• Ensure you adhere to Citizens Advice branding guidelines when using logos or other branded material.

  • Bring value to your audience. Answer their questions, help them out and engage with them.

  • Engender a sense of community. Create a platform where participants feel comfortable sharing, connecting and receiving help and information.

  • Consider your audience – think about who your readers are before you publish to make sure you aren’t alienating anyone.


Personal use


Even if your social media account is for personal use only, please be aware that any information you make public could potentially affect how people perceive our bureau. In order to ensure that you act appropriately online and do not endanger the bureau’s reputation (or your own) while using social media in a personal capacity, please read these guidelines.


  • Don’t say anything you wouldn’t be prepared to shout across a crowded room of your friends, family and colleagues.

  • Be aware of your association with the bureau in online social networks. If you identify yourself as a member of staff or a volunteer, ensure your profile and related content is consistent with how you wish to present yourself with colleagues and clients.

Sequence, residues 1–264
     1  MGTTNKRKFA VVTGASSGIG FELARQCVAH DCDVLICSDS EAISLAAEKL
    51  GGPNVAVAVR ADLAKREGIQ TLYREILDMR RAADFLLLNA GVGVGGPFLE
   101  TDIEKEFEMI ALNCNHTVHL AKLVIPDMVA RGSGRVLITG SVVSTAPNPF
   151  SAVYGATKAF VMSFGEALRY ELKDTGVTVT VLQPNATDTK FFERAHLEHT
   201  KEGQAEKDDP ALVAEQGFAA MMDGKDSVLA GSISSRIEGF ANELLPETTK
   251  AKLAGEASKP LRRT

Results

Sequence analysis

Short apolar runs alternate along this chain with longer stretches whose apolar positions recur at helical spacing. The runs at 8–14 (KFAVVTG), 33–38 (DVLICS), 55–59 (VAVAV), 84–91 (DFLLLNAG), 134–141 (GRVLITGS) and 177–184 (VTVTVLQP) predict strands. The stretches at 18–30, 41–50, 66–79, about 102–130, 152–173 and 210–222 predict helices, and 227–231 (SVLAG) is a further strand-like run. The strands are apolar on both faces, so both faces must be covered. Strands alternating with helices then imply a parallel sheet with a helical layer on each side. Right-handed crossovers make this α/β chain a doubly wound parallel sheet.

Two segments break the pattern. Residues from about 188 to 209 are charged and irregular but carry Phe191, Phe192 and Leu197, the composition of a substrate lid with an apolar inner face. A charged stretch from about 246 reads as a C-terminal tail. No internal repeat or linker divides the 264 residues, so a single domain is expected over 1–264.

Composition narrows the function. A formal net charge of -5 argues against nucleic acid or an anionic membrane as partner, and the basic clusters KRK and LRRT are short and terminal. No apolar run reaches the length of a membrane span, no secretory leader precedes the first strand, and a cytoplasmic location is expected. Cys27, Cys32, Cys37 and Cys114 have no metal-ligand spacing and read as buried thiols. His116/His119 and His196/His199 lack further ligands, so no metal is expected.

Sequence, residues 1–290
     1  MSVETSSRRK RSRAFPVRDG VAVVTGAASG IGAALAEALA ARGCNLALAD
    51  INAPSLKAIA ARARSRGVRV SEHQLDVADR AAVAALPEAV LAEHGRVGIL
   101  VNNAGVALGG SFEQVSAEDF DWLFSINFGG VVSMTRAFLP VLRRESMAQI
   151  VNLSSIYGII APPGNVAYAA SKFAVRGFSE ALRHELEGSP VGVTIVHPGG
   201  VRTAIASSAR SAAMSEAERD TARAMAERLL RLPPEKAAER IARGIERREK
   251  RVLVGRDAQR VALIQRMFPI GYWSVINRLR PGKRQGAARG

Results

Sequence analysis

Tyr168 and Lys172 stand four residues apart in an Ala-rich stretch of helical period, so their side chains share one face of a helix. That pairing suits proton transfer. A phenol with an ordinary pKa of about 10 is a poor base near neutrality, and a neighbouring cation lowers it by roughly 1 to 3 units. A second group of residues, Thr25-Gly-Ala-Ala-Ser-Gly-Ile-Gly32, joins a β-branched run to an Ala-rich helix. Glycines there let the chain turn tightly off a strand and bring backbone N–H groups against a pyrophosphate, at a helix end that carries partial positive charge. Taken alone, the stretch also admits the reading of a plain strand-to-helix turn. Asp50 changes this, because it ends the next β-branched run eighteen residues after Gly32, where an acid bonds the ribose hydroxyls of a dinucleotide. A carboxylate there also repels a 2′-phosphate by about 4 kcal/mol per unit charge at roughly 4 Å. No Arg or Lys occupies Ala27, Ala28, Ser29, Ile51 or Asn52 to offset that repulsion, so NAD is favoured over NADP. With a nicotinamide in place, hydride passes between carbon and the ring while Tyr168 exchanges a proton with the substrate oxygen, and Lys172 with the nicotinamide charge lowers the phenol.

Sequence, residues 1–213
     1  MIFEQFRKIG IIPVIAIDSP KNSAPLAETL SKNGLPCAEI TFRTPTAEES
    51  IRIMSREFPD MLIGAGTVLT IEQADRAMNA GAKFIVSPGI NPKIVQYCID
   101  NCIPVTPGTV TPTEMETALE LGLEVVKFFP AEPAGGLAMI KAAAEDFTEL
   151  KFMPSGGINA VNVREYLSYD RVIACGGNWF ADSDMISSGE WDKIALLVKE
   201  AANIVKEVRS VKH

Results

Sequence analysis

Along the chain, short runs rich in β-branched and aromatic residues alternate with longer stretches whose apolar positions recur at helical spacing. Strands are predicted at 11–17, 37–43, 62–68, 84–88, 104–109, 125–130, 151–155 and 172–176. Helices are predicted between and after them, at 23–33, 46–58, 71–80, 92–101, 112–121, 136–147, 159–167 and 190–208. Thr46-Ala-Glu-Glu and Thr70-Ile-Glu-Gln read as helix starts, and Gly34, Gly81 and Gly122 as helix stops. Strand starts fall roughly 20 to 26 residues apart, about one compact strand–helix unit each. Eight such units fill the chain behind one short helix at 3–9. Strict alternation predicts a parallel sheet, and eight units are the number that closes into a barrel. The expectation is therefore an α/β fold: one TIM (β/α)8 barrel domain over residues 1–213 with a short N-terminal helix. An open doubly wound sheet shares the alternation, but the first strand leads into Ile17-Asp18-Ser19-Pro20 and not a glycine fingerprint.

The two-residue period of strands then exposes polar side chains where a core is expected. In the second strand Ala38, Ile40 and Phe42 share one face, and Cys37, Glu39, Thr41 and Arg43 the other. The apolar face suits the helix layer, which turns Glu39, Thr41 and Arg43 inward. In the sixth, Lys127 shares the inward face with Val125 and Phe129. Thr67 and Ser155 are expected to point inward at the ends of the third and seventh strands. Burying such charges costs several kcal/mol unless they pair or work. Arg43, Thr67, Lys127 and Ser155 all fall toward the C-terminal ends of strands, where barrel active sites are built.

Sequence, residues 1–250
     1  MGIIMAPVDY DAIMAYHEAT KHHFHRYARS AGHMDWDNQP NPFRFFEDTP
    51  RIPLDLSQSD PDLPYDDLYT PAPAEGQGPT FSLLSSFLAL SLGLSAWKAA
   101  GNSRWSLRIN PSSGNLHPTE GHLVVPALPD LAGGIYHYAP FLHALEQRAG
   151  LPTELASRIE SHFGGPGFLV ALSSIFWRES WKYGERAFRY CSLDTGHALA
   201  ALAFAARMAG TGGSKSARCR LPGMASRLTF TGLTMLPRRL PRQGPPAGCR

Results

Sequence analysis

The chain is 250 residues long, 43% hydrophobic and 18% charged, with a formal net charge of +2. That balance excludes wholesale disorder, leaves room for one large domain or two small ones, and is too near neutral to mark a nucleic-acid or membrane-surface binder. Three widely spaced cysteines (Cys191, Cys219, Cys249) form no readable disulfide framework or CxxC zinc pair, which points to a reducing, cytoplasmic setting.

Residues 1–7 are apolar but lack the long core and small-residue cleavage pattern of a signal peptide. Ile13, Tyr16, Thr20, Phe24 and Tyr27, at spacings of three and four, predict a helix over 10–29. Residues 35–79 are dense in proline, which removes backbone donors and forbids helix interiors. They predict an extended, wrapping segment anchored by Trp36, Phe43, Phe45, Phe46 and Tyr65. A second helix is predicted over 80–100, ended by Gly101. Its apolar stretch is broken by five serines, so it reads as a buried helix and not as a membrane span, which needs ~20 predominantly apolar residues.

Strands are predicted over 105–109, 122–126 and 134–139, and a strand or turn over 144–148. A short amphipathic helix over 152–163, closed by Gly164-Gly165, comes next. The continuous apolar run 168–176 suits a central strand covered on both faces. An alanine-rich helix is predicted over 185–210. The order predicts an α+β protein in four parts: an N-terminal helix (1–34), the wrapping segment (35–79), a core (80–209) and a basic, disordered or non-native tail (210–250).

• Where appropriate, make it clear that any views are your own, and not necessarily those of the bureau.

  • Spirited and passionate discussions and debates are fine, but you should always be respectful of others and their opinions. Be polite and be the first to correct your own mistakes.

  • Be smart about protecting yourself, your privacy, and the bureau’s confidential information. What you publish is widely accessible and will be around for a long time, so consider the content carefully.

  • Never comment on anything related to legal matters, litigation or any parties that the bureau or its staff may be involved in legal action with.

  • Never comment on anything that may be considered to be a crisis situation for the bureau without the CEO’s permission.




Everyone is responsible for their own compliance with this policy. For employees, breaches of policy may incur disciplinary action depending on the severity of the issue. Volunteers may incur formal action as part of a separate procedure. Any breaches of policy should be reported to CEO so that appropriate action can be taken.


Any questions about this policy should be directed to Daniel Blake